OAKLAND — A.J. Puk, who is on the 10-day IL with a left shoulder strain, just started throwing from 75 feet out — not yet off a mound, not yet with a timetable for return.
One thing we do know: the left-handed pitcher will be making most of his 2020 appearances out of the bullpen, not the rotation where he was slotted to slide into before the injury came about.
Chris Bassitt slots in nicely into a rotation thats just starting to step into quality start territory.
The A’s, like any team, would prefer to see their starters climb deeper into games sooner than later. But reality trumps desired outcomes as baseball navigates a season during a pandemic. That first round through the rotation was always going to be a bridge to ramp up their arms perhaps at the expense of a few wins.
Puk will join a bullpen that’s allowed the A’s to get away with a shaky start from the rotation. With a relatively young rotation, pitching coach Scott Emerson says a veteran bullpen staff was essential.
“It goes back to the nervousness that I talked about with the younger guys,” Emerson said. “Liam Hendriks has been around, Joakim Soria has been around, (Jake) Diekman, (T.J.) McFarland, (Yusmeiro)Petit. Those guys have ice in their veins. Nothing is too big for them, the stage is never too big.
“They go out and do their job…I’ve just been impressed with the group as a collective for how strong mentally they are.”
As a collective, they’re strong. The bullpen has a 1.0 WAR so far, ranked third in the league. Their 1.75 ERA ranks fifth.
A few individual tweaks and strategies have added to the collective good.
Jake Diekman’s slider
The left-hander came to Oakland from the Kansas City Royals before the trade deadline armed with a sweeping slider that could wipe out both righties and lefties.
One problem, though. Somewhere on his trip from Kansas City to Oakland, Diekman lost his slider.
“I just completely had a brain fart and I forgot how I gripped it,” Diekman said. To be clear, it’s common for pitchers to forget their grips It led to some inconsistencies and a handful of wild outings for the A’s in 2019 — he finished the second half with a 7.1 BB/9 rate, upped from the 5.0 rate he had in the first half in Kansas City.
A GIF posted by the Pitching Ninja on Twitter of Tampa Bay Rays’ right-hander Chaz Roe’s slider triggered Diekman’s memory. He had to get the grip.
“So I just asked Mr. Ninja for it, and he gave it to me,” Diekman said.
the “Mr. Ninja” Diekman is referring to is Rob Friedman, the man behind the ever-popular Pitching Ninja Twitter account that feeds us baseball’s most devastating and filthy pitches that day. Friedman, like most pitching coaches, including A’s Scott Emerson, has a Dropbox file filled with some of baseball stars’ best grips. Felix Hernandez’s changeup? In there. Clayton Kershaw’s curveball? Got it. Roe’s slider? In there.
It didn’t take long for Diekman to pick it up. With a tighter slider, Diekman’s tallied seven strikeouts, four walks, and given up one hit in 4.2 innings.
“When you look at Chaz Roe’s slider, it’s pretty dirty,” Emerson said. “Anytime you can get information from somebody else, I think we’re all disciples from other people.”
Emerson said he encourages his pitchers to find inspiration from the outside to bring back into the clubhouse to collaborate.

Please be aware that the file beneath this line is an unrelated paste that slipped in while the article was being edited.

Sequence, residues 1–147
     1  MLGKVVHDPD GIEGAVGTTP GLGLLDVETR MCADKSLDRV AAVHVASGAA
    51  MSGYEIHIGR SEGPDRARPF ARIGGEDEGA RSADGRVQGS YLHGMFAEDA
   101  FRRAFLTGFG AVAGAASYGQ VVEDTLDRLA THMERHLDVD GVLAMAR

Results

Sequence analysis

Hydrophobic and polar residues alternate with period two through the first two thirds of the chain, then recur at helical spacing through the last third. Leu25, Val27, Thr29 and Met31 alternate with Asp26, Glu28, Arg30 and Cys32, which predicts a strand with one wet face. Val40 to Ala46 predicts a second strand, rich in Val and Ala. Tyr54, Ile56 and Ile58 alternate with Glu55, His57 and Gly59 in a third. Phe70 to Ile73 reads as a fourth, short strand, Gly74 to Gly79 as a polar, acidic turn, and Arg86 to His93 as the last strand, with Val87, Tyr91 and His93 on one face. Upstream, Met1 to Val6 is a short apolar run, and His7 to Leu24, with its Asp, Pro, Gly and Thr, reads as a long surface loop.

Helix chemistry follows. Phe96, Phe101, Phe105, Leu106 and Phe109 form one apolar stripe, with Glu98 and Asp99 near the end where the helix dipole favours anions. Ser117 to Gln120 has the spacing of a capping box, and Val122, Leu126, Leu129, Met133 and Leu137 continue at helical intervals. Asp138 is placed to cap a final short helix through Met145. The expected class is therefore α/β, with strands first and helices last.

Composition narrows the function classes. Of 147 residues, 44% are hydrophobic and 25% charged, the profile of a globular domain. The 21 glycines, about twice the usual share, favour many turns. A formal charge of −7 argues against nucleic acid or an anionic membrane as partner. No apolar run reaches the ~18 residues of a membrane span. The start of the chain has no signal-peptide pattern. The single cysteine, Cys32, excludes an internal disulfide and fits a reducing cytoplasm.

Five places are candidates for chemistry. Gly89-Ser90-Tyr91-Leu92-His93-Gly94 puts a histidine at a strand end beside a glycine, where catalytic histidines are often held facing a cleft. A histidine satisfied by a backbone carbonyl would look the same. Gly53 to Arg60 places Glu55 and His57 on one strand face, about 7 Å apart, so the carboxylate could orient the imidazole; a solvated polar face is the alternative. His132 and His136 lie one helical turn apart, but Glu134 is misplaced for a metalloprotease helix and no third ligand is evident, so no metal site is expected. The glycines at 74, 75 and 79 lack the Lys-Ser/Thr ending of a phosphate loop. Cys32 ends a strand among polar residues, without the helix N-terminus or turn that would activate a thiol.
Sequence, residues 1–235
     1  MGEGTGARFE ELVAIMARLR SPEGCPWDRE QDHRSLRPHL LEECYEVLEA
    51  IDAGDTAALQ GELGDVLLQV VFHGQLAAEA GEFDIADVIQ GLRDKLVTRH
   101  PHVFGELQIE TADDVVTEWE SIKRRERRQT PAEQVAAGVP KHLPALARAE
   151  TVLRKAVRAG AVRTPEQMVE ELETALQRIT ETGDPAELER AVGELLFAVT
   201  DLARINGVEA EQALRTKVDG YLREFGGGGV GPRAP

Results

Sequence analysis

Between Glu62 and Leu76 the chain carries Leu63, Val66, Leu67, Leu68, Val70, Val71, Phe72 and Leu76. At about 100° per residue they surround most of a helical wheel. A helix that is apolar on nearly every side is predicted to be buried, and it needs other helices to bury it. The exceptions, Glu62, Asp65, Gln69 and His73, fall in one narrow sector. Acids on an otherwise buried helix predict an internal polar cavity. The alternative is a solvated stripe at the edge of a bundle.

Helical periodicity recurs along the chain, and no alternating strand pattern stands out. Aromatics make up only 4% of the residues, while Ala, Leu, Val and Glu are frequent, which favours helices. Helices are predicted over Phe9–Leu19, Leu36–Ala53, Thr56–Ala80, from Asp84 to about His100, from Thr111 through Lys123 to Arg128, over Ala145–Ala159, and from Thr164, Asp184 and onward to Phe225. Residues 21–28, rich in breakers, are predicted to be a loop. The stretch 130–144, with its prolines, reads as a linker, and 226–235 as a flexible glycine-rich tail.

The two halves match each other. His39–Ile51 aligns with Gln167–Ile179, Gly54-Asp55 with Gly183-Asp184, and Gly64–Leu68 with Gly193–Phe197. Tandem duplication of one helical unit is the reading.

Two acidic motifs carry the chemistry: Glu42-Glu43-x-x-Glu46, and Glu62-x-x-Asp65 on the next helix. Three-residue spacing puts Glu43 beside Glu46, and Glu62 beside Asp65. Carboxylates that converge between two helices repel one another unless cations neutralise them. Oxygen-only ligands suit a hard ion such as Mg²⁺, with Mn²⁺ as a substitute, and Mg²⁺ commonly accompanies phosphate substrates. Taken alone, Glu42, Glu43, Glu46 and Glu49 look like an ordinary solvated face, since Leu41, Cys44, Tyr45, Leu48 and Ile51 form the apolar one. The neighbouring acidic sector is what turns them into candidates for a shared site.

“I’m on the Internet, I see the pitch ninja dude all the time with his stuff… I want guys doing their own homework sometimes. If I’m doing everybody’s homework, and they have to take a test, it’s not good. They have to do the homework and take the test.”
Burch Smith’s changeup
We knew about the right-handed reliever’s rising fastball — good because of the high spin rate and his elongated extension.
Smith hasn’t allowed a run in four innings, and collected two wins before August hit. To keep offenses off his fastball, Smith has been impactful down in the zone, too, Emerson said. A changeup he can mix in helps.
“We got a lot of confidence in Burch,” he said. “He has a good fastball, it’s probably better location than I thought. And I really liked his changeup, I think that changeup at the bottom of the zone helps out his spin rate and his elevated fastball.”
Due to some defined roles in the bullpen, Smith hasn’t appeared in a game since July 27 against the Los Angeles Angels. But, he’s becoming a known entity should the A’s find more spots.
T.J. McFarland’s consistency
One of the A’s two left-handed relievers, McFarland has four scoreless innings over five appearances so far. McFarland is drawing tons of soft contact, as indicated by his 0.00 barrel rate.
Yusmeiro Petit’s growth
Even in his 13th season, Petit is tweaking his delivery to maximize his efficacy. During the shutdown, Petit watched pored over film at his home in Miami to see how he could create even more deception. He worked on hiding his pitch a bit longer behind his back.
The A’s have used Petit in various leveraged situations over seven of the first 11 games, and he’s allowed two runs in the last two games.
Joakim Soria’s experience
Soria’s veteran experience was best displayed in a grueling ninth inning in Seattle — a game the A’s eventually won in extras after Soria deftly maneuvered through a jam of his own making.
After loading the bases with one out, Soria brought out his changeup and managed to strike out Jose Marmolejos and Shed Long Jr. to send the game to extras.
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Author: Shayna Rubin